GHEORGHE LEUCĂ (Republic of Moldova) said his country does not recognize the Russian Federation’s illegal annexation of Crimea and the City of Sevastopol. He condemned that country’s so-called “recognition of independence” of the separatist entities of Donetsk and Luhansk as a serious breach of international law which calls into question all prospects of a negotiated political solution. Reiterating his delegation’s support for the OSCE Special Monitoring Mission, he called on Moscow to reverse its unilateral recognition, de-escalate and return to the path of diplomacy. In a region fraught with insecurity and instability, “where norms of behaviour are falling like dominoes”, the international community cannot allow historical grievances, revisionist policies and undisguised use of force to become the new normal, he warned.
MILENKO ESTEBAN SKOKNIC TAPIA (Chile) said his country’s foreign policy is based on the principles enshrined in Article 2 of the Charter: refraining from the threat or use of force against the territorial integrity or political independence of any State; settling international disputes through peaceful means; and fulfilling obligations in good faith. He called for continuing efforts towards dialogue and understanding to implement the Minsk agreements, signed seven years ago, while also spotlighting OSCE’s work on the ground to ensure the population’s peace and security. He went on to underscore that, whatever security concerns might be present, “nothing can justify” a breach of Article 2, and such issues must be dealt with through dialogue and consultation among the stakeholders.
ION JINGA (Romania), associating himself with the European Union, condemned the Russian Federation’s recognition of the so-called independence of Donetsk and Luhansk — which are integral parts of Ukraine — as well as Moscow’s illegal decision to send troops into those areas. He called upon the international community to provide a firm, unequivocal reaction to those events, and upon the Russian Federation to abide by international law, immediately reverse its actions, de-escalate and engage constructively in dialogue. As a permanent member of the Security Council, the Russian Federation has a distinct responsibility to promote international peace and security, he emphasized, while pointing out that its actions have deliberately threatened the same in violation of resolution 2202 (2015). Stressing that full implementation of the Minsk agreements is the only way forward, he expressed concern over the build-up of troops along the Ukrainian border, as well as in Belarus, the Black and Azov Seas and the illegally occupied Crimean Peninsula. He went on to reaffirm his delegation’s commitment to Ukraine’s European and Euro-Atlantic aspirations.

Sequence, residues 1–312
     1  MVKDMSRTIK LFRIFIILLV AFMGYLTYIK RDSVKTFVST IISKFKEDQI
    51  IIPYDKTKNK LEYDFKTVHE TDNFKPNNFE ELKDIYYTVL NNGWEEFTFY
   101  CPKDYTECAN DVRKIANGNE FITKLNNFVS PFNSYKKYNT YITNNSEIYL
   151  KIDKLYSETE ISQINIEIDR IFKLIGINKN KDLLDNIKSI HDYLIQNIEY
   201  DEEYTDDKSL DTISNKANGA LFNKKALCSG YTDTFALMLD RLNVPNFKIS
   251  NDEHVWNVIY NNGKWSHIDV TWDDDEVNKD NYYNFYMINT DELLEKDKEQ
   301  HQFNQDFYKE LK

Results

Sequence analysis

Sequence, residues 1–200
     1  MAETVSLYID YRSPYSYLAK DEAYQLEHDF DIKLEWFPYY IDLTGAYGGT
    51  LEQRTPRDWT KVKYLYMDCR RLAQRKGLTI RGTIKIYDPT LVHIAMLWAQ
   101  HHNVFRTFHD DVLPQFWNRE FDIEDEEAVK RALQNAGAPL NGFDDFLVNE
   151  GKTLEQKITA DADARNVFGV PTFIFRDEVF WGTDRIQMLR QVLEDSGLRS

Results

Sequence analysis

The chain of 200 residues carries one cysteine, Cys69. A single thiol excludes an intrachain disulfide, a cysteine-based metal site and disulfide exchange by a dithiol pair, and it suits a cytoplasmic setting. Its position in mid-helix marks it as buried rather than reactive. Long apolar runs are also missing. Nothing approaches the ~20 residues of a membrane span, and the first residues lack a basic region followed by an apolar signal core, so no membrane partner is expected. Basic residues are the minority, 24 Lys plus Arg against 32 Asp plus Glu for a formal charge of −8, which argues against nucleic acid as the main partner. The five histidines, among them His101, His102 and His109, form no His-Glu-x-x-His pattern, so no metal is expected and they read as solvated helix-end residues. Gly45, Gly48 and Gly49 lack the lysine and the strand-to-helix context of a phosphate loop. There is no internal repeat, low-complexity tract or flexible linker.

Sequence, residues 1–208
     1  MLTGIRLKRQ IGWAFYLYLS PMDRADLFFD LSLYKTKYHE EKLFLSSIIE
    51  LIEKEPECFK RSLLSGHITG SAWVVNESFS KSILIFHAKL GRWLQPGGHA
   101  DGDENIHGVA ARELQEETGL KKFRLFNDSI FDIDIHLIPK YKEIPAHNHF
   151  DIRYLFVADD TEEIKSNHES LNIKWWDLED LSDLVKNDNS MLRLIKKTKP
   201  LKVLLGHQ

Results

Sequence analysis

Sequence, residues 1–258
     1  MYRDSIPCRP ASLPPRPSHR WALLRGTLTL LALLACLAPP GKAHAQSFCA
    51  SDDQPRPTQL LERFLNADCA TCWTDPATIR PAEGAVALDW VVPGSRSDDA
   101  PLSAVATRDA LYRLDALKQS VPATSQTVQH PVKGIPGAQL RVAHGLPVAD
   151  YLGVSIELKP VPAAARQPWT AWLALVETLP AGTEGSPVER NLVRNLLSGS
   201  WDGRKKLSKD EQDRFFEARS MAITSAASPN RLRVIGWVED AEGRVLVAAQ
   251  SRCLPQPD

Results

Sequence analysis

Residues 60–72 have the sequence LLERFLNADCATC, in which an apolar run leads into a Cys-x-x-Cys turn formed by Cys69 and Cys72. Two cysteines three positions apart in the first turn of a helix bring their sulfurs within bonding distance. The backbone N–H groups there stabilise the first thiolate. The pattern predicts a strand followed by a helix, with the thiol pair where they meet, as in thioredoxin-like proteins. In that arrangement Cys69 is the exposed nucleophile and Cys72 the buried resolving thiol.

LACHEZARA STOEVA (Bulgaria), associating herself with the European Union, strongly condemned Moscow’s decision to recognize the “independence” of the Donetsk and Luhansk “republics” and to send Russian troops into those regions. Emphasizing that those actions “represent an illegal and dangerous attempt to redraw the post-cold war boundaries in Europe”, he called upon the Russian Federation to reverse the decision and its military build-up in and around Ukraine. She expressed concern about the humanitarian situation in eastern Ukraine, calling for full, free and unhindered access for the OSCE Special Monitoring Mission and other international mechanisms. She went on to reaffirm her country’s non-recognition of the Russian Federation’s illegal annexation of Crimea and the City of Sevastopol. Expressing deep concern about the ongoing human right violations and abuses in Crimea, she called for the immediate release of all illegally detained Ukrainian citizens. Also concerned about Moscow’s ongoing militarization of the peninsula, she predicted it would have a severe negative impact on the security situation in the wilder Black Sea region. She called upon the Russian Federation to refrain from any action that impedes the freedom of passage and navigation in contravention of international law.
DRAGANA ŠĆEPANOVIĆ (Montenegro), associating herself with the European Union, expressed grave concern about Moscow’s military build-up on Ukraine’s borders, including in illegally annexed Crimea, Belarus and on the Black Sea. The reported recent indiscriminate shelling of civilian infrastructure and ceasefire violations along the line of contact are alarming, she said. Calling upon the Russian Federation to reverse the military build-up and withdraw its forces from Ukraine, she emphasized: “The current rhetoric of threats must stop, and a solution must be sought through diplomatic channels.” She also pointed out that nearly 2.9 million people in Ukraine are in need of assistance. She warned that alarming developments in and around Ukraine are endangering the European security architecture and posing a clear and present threat to peace and security in the region and beyond. Montenegro upholds the European security order by respecting the sovereignty and territorial integrity of every country, acknowledging the inherent right of each to freely choose its own security arrangements, and refraining from the threat or use of force, she affirmed.